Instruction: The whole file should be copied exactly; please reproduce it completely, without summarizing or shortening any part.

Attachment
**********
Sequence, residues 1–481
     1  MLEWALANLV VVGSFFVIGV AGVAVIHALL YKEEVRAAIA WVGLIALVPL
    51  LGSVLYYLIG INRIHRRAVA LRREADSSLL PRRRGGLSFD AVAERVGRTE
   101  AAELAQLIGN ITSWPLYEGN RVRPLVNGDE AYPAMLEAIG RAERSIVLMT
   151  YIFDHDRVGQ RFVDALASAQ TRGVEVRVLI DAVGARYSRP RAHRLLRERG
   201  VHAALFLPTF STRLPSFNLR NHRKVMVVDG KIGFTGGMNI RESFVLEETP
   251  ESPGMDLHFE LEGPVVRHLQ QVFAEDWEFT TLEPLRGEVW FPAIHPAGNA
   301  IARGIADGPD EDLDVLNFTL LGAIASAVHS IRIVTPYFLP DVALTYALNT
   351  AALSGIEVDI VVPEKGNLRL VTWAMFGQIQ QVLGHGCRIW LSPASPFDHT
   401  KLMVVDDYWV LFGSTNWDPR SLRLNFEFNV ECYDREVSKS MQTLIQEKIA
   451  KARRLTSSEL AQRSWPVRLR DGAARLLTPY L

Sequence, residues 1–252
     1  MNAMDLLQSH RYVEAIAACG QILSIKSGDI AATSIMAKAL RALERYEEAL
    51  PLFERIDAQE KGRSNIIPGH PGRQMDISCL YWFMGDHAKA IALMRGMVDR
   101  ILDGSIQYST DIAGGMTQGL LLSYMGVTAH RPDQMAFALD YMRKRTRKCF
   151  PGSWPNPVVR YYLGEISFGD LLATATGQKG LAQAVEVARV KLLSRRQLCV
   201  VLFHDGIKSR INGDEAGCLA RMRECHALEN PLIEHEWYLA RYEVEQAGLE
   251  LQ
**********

Sequence, residues 1–481
     1  MLEWALANLV VVGSFFVIGV AGVAVIHALL YKEEVRAAIA WVGLIALVPL
    51  LGSVLYYLIG INRIHRRAVA LRREADSSLL PRRRGGLSFD AVAERVGRTE
   101  AAELAQLIGN ITSWPLYEGN RVRPLVNGDE AYPAMLEAIG RAERSIVLMT
   151  YIFDHDRVGQ RFVDALASAQ TRGVEVRVLI DAVGARYSRP RAHRLLRERG
   201  VHAALFLPTF STRLPSFNLR NHRKVMVVDG KIGFTGGMNI RESFVLEETP
   251  ESPGMDLHFE LEGPVVRHLQ QVFAEDWEFT TLEPLRGEVW FPAIHPAGNA
   301  IARGIADGPD EDLDVLNFTL LGAIASAVHS IRIVTPYFLP DVALTYALNT
   351  AALSGIEVDI VVPEKGNLRL VTWAMFGQIQ QVLGHGCRIW LSPASPFDHT
   401  KLMVVDDYWV LFGSTNWDPR SLRLNFEFNV ECYDREVSKS MQTLIQEKIA
   451  KARRLTSSEL AQRSWPVRLR DGAARLLTPY L

Sequence, residues 1–252
     1  MNAMDLLQSH RYVEAIAACG QILSIKSGDI AATSIMAKAL RALERYEEAL
    51  PLFERIDAQE KGRSNIIPGH PGRQMDISCL YWFMGDHAKA IALMRGMVDR
   101  ILDGSIQYST DIAGGMTQGL LLSYMGVTAH RPDQMAFALD YMRKRTRKCF
   151  PGSWPNPVVR YYLGEISFGD LLATATGQKG LAQAVEVARV KLLSRRQLCV
   201  VLFHDGIKSR INGDEAGCLA RMRECHALEN PLIEHEWYLA RYEVEQAGLE
   251  LQ